How Becoming a Doctor Works

Applying to Medical School

Applying to medical school is similar to applying to college. There is a common application shared by all medical schools, a secondary application specific to each individual school, test scores, essays, letters of recommendation and interviews. The good news is that you only have to complete the bulk of your medical application once. There are two centralized services — one for MD-granting medical schools and one for DO-granting medical schools — that will verify your application for accuracy and send it to as many schools as you want (for a fee, of course).

There are 154 allopathic (MD-granting) medical schools in the United States and 35 osteopathic (DO-granting) medical schools [sources: AAMC, AACOM]. In 2018, MD-granting medical schools received nearly 850,000 applications from more than 52,000 individuals (an average of 16 applications per applicant). Less than half of those MD applicants were accepted. In 2017, DO-granting medical schools received more than 20,000 applications and enrolled a little more than 8,000 first-year students [sources: AACOM, AAMC].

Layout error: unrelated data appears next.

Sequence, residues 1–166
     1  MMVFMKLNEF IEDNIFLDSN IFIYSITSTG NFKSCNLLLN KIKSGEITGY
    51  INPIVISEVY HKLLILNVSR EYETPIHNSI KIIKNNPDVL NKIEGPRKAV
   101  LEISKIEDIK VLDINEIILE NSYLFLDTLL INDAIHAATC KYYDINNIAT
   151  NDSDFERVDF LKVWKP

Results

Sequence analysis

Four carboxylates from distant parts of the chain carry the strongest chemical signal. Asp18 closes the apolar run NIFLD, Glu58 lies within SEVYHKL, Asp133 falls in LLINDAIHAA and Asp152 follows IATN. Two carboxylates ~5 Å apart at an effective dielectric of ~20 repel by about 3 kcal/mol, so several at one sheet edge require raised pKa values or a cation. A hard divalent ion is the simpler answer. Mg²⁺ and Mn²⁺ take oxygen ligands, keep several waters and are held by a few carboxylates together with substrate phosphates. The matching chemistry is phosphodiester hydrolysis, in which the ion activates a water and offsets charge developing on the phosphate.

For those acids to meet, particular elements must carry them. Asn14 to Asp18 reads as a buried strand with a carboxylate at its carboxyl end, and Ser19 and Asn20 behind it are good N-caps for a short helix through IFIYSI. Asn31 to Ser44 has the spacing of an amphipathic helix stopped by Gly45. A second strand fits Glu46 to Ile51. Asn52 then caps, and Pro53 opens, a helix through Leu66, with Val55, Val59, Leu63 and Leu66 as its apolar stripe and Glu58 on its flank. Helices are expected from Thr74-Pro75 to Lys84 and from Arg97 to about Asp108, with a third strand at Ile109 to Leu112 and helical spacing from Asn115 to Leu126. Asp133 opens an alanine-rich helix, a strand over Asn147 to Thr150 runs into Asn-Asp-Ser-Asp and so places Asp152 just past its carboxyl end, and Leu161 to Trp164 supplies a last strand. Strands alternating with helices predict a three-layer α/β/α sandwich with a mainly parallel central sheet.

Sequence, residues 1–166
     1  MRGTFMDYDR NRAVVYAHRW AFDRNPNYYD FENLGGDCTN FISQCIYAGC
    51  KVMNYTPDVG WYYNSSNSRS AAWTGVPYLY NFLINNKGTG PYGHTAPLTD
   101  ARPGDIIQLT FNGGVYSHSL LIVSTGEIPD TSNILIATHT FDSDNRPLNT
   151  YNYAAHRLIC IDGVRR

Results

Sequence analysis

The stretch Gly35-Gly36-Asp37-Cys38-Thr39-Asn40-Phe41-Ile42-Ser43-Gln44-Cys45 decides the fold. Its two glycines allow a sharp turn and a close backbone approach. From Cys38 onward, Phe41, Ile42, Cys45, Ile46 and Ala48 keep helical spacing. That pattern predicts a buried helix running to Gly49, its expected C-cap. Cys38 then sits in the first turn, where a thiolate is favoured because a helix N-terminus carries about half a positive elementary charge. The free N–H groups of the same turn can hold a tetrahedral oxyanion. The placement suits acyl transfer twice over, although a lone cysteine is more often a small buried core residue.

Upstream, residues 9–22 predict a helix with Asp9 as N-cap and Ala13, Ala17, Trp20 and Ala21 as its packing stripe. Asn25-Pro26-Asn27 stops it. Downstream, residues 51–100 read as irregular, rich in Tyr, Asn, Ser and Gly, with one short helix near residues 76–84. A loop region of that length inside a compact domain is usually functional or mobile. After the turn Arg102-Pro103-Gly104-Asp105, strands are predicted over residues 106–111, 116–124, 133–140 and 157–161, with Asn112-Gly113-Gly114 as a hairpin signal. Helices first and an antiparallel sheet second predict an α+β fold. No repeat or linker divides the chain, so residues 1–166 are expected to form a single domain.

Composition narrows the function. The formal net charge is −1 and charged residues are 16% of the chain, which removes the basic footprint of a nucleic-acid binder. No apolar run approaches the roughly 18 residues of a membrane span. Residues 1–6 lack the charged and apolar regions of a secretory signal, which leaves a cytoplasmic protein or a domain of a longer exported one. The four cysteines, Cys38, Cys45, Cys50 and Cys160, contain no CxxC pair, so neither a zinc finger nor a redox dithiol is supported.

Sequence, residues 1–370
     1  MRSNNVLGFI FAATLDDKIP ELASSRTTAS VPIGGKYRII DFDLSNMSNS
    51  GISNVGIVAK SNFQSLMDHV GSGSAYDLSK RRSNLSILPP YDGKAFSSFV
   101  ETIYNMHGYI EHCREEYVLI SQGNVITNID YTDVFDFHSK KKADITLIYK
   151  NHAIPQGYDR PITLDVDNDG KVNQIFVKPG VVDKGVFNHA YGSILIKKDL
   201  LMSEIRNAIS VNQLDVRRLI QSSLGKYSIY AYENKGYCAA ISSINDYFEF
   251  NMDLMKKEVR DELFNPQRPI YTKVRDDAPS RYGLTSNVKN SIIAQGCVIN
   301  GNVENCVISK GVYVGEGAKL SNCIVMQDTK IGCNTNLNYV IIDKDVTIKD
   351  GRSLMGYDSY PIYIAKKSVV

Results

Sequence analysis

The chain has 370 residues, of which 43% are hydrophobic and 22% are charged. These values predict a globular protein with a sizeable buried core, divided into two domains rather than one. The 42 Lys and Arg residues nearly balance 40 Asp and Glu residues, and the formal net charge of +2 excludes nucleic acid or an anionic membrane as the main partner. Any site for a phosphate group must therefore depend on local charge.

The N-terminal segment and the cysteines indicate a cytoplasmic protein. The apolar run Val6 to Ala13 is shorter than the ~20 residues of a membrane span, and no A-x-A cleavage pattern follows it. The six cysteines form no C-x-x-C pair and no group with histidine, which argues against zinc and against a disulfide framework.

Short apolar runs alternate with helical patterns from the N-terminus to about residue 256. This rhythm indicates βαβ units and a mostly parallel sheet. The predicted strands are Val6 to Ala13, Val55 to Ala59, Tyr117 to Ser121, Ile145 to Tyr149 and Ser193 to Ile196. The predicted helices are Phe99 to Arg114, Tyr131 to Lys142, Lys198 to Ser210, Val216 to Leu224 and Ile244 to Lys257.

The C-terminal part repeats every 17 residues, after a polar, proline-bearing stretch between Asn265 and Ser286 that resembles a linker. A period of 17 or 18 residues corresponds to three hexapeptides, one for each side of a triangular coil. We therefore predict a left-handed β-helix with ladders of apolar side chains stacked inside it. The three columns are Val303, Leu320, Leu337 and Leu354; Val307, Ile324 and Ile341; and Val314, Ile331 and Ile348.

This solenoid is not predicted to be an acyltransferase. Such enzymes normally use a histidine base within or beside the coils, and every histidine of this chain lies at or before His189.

The medical school application process begins in the spring before the year you plan on starting school. So if you want to enter medical school in the fall of 2022, you will start the application process in the spring of 2021. The centralized application services open in May and start accepting applications in June.

You should generally apply to all the schools in your state, some that you feel are your safe schools, and some that you can only dream of getting into. State supported medical schools take an overwhelming majority of students from their own state. It is close to impossible to get into a state supported medical school if you are not a resident of that state. Occasionally they will take some students from neighboring states or states without medical schools (Alaska, Delaware, Idaho, Montana and Wyoming).